Revis Situation a Reflection of the State of the Jets Franchise

J.P. ScottSenior Analyst IJune 22, 2012

LANDOVER, MD - DECEMBER 04:  Darrelle Revis #24 of the New York Jets walks to the field before the start of the Jets game against the Washington Redskins at FedExField on December 4, 2011 in Landover, Maryland.  (Photo by Rob Carr/Getty Images)
Rob Carr/Getty Images

Darrelle Revis wants more money. What else is new?

Once again, the New York Jets enter a football season with the look of some kind of misfit circus as opposed to an NFL team.

In a league where the name of the game is "copycat", the Jets seemed to have misplaced the guide. The No.1 goal of every NFL team, regardless of how you finished the previous season, is to aim for a division title. You only have to finish better than three other teams, and when you do this, you get a clean slate and a trip to the NFL playoffs.

Despite playing in the same division as the Patriots, they seem to be one of the few franchises in the league not trying to copy everything New England is doing.

In fact, they seem to be going out of their way to do the complete opposite.

Instead of collecting a locker room full of guys who want to win a Super Bowl, the Jets have started making a habit of collecting and retaining players who only look out for themselves.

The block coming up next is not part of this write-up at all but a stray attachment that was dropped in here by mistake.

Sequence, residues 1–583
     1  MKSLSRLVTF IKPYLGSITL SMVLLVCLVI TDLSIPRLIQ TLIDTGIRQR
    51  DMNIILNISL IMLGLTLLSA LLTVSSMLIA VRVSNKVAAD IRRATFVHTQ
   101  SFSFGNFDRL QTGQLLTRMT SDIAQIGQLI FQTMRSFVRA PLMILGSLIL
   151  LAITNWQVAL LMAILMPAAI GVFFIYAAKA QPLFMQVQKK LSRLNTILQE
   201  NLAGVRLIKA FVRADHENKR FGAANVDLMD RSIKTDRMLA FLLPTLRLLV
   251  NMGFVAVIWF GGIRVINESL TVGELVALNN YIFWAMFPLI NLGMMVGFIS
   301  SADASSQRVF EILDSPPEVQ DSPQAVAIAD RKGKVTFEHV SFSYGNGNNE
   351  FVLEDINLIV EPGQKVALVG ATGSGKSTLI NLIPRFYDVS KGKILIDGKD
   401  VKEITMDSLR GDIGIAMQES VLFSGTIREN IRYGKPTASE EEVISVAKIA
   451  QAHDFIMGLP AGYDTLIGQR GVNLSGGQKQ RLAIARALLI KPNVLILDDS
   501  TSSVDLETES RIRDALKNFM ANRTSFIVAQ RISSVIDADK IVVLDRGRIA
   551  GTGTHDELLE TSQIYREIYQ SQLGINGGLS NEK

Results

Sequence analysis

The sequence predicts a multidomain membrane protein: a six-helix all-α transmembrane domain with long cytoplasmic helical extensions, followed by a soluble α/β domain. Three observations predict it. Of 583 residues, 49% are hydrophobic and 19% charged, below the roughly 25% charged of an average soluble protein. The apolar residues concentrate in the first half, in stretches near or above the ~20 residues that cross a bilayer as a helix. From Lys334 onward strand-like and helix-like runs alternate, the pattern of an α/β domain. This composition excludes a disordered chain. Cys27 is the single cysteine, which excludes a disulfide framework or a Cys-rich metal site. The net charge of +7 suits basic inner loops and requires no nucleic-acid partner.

It starts at the top.

In Round 1 of April's NFL Draft, the Jets, desperately in need of men of character, made the decision to draft a guy in Quinton Coples who had well-known work-ethic issues.  Makes perfect sense to me.

Then you have the quarterback situation. Just when it seems like Mark Sanchez is starting to feel the effects and pressure of playing under the lights of the Big Apple, they sign the most polarizing side-show on the planet: Tim Tebow.  

Surely that'll get Sanchez focused.

And then we get back to Revis. You could argue that he, not Sanchez, should be the face of the franchise. Rather than embrace that role and unite his team for a Super Bowl quest, he's now holding out for more money, even though he got a new deal a few years ago.

I get that he is probably the best one-on-one cover corners in the NFL, but think about that for just one second.  


So he takes out the opposing team's top receiver.  Great.  Guess what, Darelle? Now you got three other receivers out there being covered by guys who make just over the league minimum because you wanted a bigger payday.

Again, it all makes sense. right?

Somewhere, Bill Belichick is smiling, hoping not that Revis holds out, but that the Jets sign him to a new deal. And they probably will. History shows they don't know any better.

So bring on another year of that Jets "swagger." 

I suppose the NFL just wouldn't be the same without it.